A non-printing character is a character which won’t actually get directly printed (or displayed) but rather interpreted. Such non-printing characters are for example line-feed or tabulation. The interpretation of those characters can differ from one system to the next. For example the line-feed character is different on Unix or DOS.
If you need an easy way to confirm that a text file is DOS or UNIX formatted (they differ with respect to the end of line character(s) for example) or if you wish to display normally non-printing characters of a text file, you can use the -vET command line switches of the cat utility.
As explained in the man page :
- -v : will use the ^ and M- notation for control and multibytes characters
- -E : will make ends of lines visible
- -T : will make tabulations visible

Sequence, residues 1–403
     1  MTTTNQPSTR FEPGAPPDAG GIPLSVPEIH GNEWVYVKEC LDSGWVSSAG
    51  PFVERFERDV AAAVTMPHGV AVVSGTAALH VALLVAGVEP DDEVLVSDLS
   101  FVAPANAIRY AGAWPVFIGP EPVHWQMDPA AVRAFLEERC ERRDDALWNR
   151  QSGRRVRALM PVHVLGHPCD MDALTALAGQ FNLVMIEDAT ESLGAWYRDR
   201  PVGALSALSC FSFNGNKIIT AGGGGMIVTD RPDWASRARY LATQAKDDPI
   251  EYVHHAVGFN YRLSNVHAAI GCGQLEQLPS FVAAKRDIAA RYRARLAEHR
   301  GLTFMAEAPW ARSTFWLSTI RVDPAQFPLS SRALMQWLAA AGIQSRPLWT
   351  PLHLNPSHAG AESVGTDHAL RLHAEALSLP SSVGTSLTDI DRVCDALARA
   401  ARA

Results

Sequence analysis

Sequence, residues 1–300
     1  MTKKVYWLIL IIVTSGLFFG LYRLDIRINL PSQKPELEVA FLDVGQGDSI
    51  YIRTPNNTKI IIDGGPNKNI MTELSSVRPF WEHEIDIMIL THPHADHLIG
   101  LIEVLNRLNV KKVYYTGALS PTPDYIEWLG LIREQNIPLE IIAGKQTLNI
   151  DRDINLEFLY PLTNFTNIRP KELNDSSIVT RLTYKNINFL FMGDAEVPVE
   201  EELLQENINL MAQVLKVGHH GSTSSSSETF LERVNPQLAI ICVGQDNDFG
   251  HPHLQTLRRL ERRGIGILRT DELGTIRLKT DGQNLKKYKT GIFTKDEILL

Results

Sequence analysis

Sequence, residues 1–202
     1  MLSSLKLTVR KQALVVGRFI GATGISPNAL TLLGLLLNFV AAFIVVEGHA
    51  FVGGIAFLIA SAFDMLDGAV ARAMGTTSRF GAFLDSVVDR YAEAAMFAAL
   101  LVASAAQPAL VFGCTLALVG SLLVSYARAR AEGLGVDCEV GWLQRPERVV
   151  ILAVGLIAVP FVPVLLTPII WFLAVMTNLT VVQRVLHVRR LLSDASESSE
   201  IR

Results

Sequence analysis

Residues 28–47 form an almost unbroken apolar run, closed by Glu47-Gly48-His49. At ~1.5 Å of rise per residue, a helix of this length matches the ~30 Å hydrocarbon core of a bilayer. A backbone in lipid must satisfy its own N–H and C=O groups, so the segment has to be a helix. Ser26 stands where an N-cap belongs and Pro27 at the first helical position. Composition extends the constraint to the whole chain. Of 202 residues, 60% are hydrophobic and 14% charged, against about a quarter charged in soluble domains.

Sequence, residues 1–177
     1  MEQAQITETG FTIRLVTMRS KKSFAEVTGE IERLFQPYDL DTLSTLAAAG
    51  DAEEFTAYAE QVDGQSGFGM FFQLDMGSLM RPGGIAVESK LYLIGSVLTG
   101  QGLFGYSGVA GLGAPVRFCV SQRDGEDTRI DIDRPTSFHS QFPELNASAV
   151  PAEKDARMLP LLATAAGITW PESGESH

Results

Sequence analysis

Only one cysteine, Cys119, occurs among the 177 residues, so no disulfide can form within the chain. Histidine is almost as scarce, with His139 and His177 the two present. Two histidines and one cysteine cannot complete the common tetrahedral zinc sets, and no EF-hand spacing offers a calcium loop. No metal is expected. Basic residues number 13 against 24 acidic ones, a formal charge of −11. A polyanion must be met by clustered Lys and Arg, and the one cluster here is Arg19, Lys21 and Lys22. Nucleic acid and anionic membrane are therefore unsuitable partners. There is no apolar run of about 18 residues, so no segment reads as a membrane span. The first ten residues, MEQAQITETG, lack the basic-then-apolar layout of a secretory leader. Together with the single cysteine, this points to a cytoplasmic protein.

For example :
% cat -vET test.txt a test message for$ showing the^Iuse of cat -vET$ ^I$ that is all$
and compare it to the following plain cat output, without any command line option :
% cat test.txt a test message for showing the use of cat -vET that is all
You can easily tell what blank space is a space or actually a tabulation for example. If you’d happen to see ^M characters popping out at the end of the lines, then you this is actually a DOS text file (which you might need to convert to UNIX style end of lines with an utility such as dos2unix)